If you can now fold down the head box onto the cabinet, you're done. Make sure you use some foam, heavy cardboard, or blankets to protect the headbox from rubbing on the cabinet. Foam is best, as it will also help keep the back glass in place.
If you can read more not fold the head box down, then you have to get in. There is a lock located at the top of the back glass in the center. Use the supplied key to unlock, and remove the back glass by lifting it up from the bottom, and then pulling it out from the bottom.
Next, you will need to remove the display panel. You can do this by lifting it up and out. Open the lamp panel. There will be a lock situated on either the left-hand or right-hand side. (Some more recent Williams and Bally pinballs do not have a different amp panel, it becomes part of the back glass panel. And later on Sega and Stern pinballs utilize a fluorescent tube for the back glass lighting).
Eliminate the two bolts, put the back box back together, and fold down the head box onto the cabinet. Ensure you use some foam, heavy cardboard, or blankets to protect the headbox from rubbing on the cabinet. Foam is best, as it will also help keep the back glass in place.
Removing the Legs.
Pinball Device legs are held in location by eight bolts. The contemporary pinballs have captive nuts or threaded plates inside for the bolts to screw into.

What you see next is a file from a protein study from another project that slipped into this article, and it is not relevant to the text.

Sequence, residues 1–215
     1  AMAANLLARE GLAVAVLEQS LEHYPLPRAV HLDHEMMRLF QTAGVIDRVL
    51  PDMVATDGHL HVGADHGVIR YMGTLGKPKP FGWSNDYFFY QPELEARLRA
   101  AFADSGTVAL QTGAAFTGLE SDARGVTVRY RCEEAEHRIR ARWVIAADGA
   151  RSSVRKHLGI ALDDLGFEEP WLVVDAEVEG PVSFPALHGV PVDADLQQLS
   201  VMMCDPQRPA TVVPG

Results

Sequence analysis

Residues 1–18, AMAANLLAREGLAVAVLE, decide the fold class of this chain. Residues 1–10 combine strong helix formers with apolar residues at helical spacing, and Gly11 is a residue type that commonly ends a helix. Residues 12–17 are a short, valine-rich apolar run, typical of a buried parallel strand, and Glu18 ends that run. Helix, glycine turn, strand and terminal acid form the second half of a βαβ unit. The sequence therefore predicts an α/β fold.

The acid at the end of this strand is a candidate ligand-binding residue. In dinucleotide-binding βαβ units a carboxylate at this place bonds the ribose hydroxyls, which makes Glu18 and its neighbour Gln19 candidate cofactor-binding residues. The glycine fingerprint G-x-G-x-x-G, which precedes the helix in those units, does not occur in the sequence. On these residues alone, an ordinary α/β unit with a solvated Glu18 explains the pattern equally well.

But these captive nuts and threaded plates can be damaged, and making use of extra nuts might have been needed. If this is the case, you will need to open the front door of the pinball, slide out the playfield glass, and raise up the playfield.
With the front door (coin door) open, move the lock down bar lock throughout and eliminate the lock down bar. Slide out the playfield glass, and put in a safe place. Next, raise the playfield by positioning your hand where the ball drains pipes, and raise the playfield up.
You must now have access to any nuts that may have been used. Once any nuts have been removed, change the playfield glass and lock down bar, and lock the front door.
Make certain to mark or keep in mind which legs are for the front and back, as they will be changed differently to fit.
Loading the Pinball.
You are now ready to carry your pinball maker. Prior to you pack it, ensure you remove the pinballs so they don't bounce around throughout transportation.
If you are moving the pinball utilizing a van or SUV, it may be easier to remove the legs simply prior to filling the device. Grab a friend to assist and have one of you supporting the pinball, while the other eliminates the front legs.
Ensure you strap the pinball in, as you do not want it moving if you need to stop unexpectedly!
For Electro-Mechanical pinball devices, you need to remove the headbox rear gain access to panel to get access to the bolts and plugs inside. (Some newer Williams and Bally pinballs do not have a different amp panel, it is part of the back glass panel. And later on Sega and Stern pinballs utilize a fluorescent tube for the back glass lighting).
If you are moving the pinball using a van or SUV, it may be much easier to eliminate the legs just prior to loading the maker. Get a pal to help and have one of you supporting the pinball, while the other gets rid of the front legs.